Killer Consequences: Has whaling driven orcas to a diet of sea lions?

From the 1970s to the 1990s, populations of sea otters and some pinnipeds, including Steller sea lions and fur seals, took a mysterious nosedive in the northern Pacific. A new study floats a surprising explanation: These creatures became choice entrées for killer whales after industrial whaling wiped out the great whales that killer whales had been eating.

SNACK FOOD. The decline of the Steller sea lion may have resulted from killer whale appetites. B. Christman/NOAA

A leading explanation for the disappearing pinnipeds had been that global warming or overfishing caused food shortages, says Alan M. Springer of the University of Alaska in Fairbanks. But several recent reviews of sea lions and their habitats indicate that these animals are not wanting for food. That observation spurred Springer and his colleagues to investigate whether the problem lies with pinnipeds themselves becoming food. The scientists present their hypothesis in an upcoming Proceedings of the National Academy of Sciences.

Killer whales eat a wide range of ocean critters, from salmon to sperm whales. Although marine biologists debate about how often great whales end up on an orca’s platter, they agree that killer whales are the most significant natural predators of these massive cetaceans.

Except, of course, for people.

Using data collected by the International Whaling Commission, Springer’s team surmised that by 1969, whalers essentially wiped out the fin, sei, and sperm whales within 370 kilometers of the Aleutian Islands and the Gulf of Alaska coast.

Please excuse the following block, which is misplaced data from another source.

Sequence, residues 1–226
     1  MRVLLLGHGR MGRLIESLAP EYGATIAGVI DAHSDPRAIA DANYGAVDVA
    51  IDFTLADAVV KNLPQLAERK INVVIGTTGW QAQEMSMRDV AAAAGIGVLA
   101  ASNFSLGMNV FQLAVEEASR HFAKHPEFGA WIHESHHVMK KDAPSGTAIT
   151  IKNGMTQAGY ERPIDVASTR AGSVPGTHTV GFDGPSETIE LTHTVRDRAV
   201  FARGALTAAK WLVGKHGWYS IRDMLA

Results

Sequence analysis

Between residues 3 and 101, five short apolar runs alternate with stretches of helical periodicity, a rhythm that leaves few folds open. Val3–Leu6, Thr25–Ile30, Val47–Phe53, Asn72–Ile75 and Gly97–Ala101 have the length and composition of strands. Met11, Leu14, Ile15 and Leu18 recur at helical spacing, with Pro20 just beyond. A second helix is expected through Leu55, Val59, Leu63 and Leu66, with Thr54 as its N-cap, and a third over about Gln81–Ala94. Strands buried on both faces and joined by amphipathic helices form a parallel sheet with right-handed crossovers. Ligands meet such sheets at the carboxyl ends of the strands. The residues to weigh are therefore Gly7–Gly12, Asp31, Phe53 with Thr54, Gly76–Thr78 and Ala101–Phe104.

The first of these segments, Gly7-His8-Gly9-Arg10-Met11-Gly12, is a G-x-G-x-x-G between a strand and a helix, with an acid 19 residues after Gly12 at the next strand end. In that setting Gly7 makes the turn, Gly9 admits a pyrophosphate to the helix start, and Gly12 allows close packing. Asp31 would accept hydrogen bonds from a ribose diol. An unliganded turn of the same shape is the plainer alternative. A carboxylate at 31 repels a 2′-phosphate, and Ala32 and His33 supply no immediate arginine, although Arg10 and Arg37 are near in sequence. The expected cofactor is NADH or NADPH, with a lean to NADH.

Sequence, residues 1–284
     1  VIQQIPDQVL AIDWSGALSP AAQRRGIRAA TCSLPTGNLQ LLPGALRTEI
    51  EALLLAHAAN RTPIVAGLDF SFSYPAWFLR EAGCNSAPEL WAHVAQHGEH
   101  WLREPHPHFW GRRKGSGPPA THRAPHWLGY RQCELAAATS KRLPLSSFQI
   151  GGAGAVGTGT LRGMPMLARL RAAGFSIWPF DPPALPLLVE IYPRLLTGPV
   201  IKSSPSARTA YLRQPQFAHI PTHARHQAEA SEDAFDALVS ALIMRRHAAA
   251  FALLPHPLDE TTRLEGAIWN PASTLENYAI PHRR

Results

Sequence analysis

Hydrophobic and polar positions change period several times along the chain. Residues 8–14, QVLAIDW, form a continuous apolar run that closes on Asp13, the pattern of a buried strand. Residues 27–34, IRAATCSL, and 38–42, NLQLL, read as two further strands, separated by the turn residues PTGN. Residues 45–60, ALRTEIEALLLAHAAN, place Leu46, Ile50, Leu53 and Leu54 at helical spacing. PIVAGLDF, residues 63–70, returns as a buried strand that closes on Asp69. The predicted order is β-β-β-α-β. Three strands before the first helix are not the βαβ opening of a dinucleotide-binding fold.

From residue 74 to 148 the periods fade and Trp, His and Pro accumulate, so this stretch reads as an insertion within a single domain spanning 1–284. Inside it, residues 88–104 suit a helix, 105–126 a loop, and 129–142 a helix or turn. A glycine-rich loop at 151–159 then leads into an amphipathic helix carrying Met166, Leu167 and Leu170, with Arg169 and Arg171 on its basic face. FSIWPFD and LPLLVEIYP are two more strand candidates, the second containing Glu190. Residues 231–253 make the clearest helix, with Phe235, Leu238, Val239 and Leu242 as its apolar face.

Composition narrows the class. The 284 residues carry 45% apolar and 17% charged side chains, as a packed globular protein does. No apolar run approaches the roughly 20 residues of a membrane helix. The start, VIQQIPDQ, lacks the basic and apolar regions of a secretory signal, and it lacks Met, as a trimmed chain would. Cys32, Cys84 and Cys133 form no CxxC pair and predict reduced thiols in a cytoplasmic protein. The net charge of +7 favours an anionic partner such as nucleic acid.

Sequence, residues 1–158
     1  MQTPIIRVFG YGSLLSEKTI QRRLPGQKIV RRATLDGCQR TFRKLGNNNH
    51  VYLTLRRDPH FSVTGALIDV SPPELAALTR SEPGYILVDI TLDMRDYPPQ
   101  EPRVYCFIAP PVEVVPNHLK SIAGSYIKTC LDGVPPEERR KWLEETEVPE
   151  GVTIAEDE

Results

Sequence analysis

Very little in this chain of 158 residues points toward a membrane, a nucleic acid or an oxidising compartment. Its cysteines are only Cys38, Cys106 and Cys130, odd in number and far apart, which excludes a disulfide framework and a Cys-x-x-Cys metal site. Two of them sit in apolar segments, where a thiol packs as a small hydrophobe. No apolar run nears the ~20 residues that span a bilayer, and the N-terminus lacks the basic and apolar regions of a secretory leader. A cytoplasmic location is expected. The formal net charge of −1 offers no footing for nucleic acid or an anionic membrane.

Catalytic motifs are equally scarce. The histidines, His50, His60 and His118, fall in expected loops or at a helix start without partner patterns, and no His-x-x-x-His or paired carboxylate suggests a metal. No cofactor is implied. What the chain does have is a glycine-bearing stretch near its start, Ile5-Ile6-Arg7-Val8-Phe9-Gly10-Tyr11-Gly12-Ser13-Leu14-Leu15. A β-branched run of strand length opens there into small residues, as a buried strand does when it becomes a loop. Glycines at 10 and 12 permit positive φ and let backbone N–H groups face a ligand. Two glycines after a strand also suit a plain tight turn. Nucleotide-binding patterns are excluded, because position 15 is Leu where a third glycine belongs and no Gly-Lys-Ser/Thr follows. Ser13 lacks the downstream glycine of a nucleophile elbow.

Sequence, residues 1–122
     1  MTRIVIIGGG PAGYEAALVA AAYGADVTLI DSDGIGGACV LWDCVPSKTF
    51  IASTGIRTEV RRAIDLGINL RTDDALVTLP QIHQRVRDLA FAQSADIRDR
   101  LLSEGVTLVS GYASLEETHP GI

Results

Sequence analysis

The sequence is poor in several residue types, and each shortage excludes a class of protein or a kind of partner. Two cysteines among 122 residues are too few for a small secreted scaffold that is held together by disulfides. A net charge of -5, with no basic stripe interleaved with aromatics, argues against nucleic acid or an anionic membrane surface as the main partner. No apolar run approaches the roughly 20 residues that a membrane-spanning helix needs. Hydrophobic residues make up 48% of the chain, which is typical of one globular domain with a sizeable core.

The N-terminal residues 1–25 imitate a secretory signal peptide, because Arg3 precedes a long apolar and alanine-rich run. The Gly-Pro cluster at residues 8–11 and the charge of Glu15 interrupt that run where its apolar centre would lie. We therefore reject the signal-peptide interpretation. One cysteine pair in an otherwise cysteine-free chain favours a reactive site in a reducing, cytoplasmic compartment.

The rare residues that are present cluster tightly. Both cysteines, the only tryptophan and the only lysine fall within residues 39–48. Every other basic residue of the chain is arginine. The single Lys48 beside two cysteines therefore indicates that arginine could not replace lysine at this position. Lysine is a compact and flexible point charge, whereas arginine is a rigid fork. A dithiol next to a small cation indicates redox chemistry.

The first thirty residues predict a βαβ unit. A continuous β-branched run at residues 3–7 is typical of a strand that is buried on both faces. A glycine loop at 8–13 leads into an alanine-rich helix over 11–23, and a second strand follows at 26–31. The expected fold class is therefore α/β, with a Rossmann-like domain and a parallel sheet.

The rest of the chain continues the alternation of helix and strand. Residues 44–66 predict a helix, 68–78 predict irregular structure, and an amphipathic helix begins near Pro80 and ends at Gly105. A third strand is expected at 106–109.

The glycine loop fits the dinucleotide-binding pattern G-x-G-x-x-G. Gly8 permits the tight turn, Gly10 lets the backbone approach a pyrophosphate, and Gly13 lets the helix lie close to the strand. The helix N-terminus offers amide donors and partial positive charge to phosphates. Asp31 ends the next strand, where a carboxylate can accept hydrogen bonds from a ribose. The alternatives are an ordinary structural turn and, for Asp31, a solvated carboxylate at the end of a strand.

Then, the numbers of smaller marine mammals began declining, Springer says. The harbor seal population crashed in the late 1970s. In the following years, fur seals and Steller sea lions disappeared in droves. In the 1990s, sea otter numbers plummeted.

Those trends point to killer whales, says Springer. He proposes that these spry predators would first hunt the fat, docile harbor seals. Once those prey dwindled, orcas would settle for the smaller fur seals and aggressive sea lions. Finally, killer whales would snack on otters. In what may be a further iteration of this ecological cascade, sea urchins–a favorite food for otters–have thrived (SN: 10/17/98, p. 245).

“Monkeying around with the system could lead to things you would have never predicted would happen,” Springer says.

By estimating the number of otter and pinniped deaths during the declines and determining how many of these creatures would be required to feed a killer whale, Springer and his colleagues calculated that the population crashes could have occurred even if the orca population had shifted its diet less than 1 percent.

“I think it’s the best hypothesis out there” for these declines, says Jeremy B.C. Jackson of the Scripps Institution of Oceanography in La Jolla, Calif.

Andrew W. Trites of the University of British Columbia in Vancouver questions whether great whales ever constituted major portions of orcas’ diets. He adds that in computer models of marine ecosystems, removing great whales had no significant effect on pinnipeds.

Springer acknowledges that the mystery of these declines may be hard to solve with confidence, since much of the relevant data disappeared with the missing animals.


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